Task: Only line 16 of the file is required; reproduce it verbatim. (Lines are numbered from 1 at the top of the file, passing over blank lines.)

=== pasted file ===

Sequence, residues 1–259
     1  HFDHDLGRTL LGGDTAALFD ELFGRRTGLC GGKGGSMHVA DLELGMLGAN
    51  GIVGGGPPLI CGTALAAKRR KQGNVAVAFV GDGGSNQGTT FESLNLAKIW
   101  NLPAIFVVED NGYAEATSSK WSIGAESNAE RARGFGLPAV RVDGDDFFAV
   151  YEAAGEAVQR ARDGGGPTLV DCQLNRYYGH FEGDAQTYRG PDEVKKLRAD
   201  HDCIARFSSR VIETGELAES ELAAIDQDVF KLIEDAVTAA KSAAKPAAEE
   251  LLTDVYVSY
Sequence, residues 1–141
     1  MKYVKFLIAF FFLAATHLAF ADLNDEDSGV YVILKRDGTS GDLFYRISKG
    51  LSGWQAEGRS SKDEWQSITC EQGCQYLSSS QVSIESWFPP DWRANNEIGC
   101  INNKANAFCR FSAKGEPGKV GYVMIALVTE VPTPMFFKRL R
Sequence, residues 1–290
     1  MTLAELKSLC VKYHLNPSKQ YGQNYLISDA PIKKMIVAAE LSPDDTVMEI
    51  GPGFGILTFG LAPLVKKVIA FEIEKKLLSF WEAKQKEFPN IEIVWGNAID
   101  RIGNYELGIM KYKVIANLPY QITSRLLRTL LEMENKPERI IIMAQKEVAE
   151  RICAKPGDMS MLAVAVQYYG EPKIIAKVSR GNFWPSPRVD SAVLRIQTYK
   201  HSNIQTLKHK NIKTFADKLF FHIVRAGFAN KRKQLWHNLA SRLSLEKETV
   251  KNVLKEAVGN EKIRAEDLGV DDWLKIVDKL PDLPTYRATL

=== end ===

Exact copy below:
   151  RICAKPGDMS MLAVAVQYYG EPKIIAKVSR GNFWPSPRVD SAVLRIQTYK